Concentrated cranberry juice eased signs associated with Parkinson’s disease in a chemically induced rat model, but its long-term use at high dose may affect the survival of brain cells, a study suggests.
Further research is needed to determine an optimal dose of a cranberry juice concentrate with neuroprotective properties, its scientists advised.
The study, “Neuroprotective Effects of Cranberry Juice Treatment in a Rat Model of Parkinson’s Disease,” was published in the journal Nutrients.
Parkinson’s disease is marked by the progressive death of nerve cells in the brain that release the signaling molecule, or neurotransmitter, dopamine. A lack of dopamine results in characteristic Parkinson’s motor and non-motor symptoms.
Evidence indicates that these cells are compromised by the clumping of a protein called alpha-synuclein, affecting energy-producing mitochondria and causing oxidative stress, or an excess of toxic oxygen reactive species over antioxidant molecules produced to detoxify them.
Cranberry fruits contain high amounts of polyphenols, plant-derived chemicals with potent antioxidant properties. Studies suggest a link between regular intake of antioxidant-rich foods and a slower cognitive decline.
However, the neuroprotective potential of cranberry is limited to only a few studies.
Recently, scientists based at the Poznań University of Medical Sciences in Poland showed that cranberry juice treatment controlled oxidative stress in several organs, especially in the brains of rats exposed to rotenone, a chemical that triggers Parkinson’s-like symptoms in animals.
These researchers now evaluated how cranberry juice affected an underlying mechanism related to Parkinson’s in the same rat model.
“This study aimed to extend the research by examining cranberry juice’s capability to modulate the apoptosis [cell death] mechanism and thereby provide neuroprotection in a rat model of parkinsonism,” the team wrote.
Rats were given either water (a control group), a six-fold concentrated cranberry juice, or rotenone as an under-the-skin injection, or both cranberry and rotenone. The experiment lasted 45 days, consisting of 10 days of cranberry juice or water, then 35 days of combined cranberry plus rotenone (for the group given this combination) or continued cranberry concentrate or water.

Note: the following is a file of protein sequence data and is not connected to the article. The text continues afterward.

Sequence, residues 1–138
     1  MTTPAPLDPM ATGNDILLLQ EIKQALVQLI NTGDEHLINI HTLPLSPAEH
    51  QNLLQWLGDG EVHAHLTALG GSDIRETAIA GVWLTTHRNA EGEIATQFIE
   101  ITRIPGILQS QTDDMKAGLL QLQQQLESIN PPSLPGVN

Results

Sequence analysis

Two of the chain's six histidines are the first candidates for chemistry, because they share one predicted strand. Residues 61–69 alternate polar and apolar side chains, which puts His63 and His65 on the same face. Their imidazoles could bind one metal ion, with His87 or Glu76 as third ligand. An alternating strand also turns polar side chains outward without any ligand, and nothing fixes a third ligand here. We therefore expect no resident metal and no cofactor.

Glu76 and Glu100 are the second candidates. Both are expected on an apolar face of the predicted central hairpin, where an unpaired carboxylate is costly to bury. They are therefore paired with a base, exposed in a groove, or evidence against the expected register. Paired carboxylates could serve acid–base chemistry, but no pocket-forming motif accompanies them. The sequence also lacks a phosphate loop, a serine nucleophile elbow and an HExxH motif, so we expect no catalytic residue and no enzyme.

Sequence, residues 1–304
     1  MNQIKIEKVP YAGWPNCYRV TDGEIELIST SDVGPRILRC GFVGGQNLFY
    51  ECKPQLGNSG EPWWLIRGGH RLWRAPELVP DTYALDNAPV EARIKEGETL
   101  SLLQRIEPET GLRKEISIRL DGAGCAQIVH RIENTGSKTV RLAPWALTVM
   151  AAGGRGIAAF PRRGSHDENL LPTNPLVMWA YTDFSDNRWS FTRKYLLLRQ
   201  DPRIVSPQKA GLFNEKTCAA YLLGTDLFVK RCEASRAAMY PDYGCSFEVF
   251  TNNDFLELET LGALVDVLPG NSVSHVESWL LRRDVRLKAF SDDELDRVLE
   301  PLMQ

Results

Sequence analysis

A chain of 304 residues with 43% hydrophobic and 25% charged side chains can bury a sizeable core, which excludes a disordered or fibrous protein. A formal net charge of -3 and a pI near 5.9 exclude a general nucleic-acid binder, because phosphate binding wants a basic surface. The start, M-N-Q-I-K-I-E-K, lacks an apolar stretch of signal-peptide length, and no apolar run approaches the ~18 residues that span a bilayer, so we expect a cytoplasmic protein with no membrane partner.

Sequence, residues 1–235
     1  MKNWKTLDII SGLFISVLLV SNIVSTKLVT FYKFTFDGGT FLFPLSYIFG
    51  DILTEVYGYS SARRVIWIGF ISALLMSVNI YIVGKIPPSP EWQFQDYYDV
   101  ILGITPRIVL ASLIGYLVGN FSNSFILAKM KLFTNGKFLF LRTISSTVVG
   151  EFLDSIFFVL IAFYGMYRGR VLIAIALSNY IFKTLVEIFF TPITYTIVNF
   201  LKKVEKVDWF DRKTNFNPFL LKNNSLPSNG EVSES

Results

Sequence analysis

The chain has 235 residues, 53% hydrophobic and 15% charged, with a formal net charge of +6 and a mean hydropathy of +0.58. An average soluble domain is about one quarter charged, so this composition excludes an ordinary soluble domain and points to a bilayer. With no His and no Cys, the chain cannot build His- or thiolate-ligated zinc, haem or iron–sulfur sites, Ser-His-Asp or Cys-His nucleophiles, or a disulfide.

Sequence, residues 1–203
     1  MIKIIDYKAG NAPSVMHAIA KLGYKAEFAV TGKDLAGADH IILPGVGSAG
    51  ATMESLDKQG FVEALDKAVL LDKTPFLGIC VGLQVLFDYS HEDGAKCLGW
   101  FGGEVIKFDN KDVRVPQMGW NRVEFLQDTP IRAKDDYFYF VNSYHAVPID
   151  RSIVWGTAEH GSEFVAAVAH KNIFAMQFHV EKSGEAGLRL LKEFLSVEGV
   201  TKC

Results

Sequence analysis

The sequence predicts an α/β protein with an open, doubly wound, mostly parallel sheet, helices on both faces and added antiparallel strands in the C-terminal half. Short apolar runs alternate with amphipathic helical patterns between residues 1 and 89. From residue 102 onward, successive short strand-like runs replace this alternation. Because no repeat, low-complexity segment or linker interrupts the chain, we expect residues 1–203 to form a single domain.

An examination of brain tissue revealed a 51% increase in alpha-synuclein in rats exposed to rotenone. Cranberry given rotenone-challenged animals lowered alpha-synuclein buildup by 18% and restored levels to those in control rats.
Rotenone exposure caused an increase in the production of proteins related to cell death (apoptosis). In comparison, animals given concentrated cranberry juice showed a decrease in these proteins, suggesting neuroprotection, the team noted.
Microscopic examination revealed a 57% loss of cells in rats given rotenone in the midbrain, the area of the brain affected by Parkinson’s disease, while the use of cranberry juice improved cell survival by 41%. “Surprisingly,” the scientists noted that treatment with cranberry juice alone showed a 15% decrease in midbrain cell survival compared with controls.
“Importantly, we also found that long-term administration of [cranberry juice] alone in a relatively high dose may exert a deleterious effect on cell survival in the midbrain,” the researchers wrote.
Rats underwent a posture instability test at the end of treatment. Each animal was held upright, with one of its forelegs touching a sandpaper-lined table, and then each rat’s center of gravity was pushed forward until taking a step. Researchers measured the distance taken by the rat to regain its center of gravity.
Animals exposed to rotenone showed a statistically significant 13% increase in postural instability, with a greater distance needed to regain their center of gravity relative to control rats.
Postural instability was reduced by 11% in rotenone-exposed rats treated with cranberry, similar to controls. Rats given cranberry juice alone also showed an increased distance, but the difference was not statistically significant.
“[Cranberry juice] slightly improved ROT-induced behavioral deficit by protecting from apoptosis and [alpha]-synuclein accumulation in the midbrain of rotenone-treated rats, demonstrating its neuroprotective efficacy for [Parkinson’s disease],” the scientists concluded. “These findings suggest that cranberry preparations may have a potential application in clinical practice or dietary guidelines for the prevention and/or adjunctive [add-on] treatments” of Parkinson’s disease.
“However, taking into account the potentially unfavorable effect of long-term administration of juice in relatively high doses, a dose-dependence study should be performed to optimize the treatment,” the scientists added.
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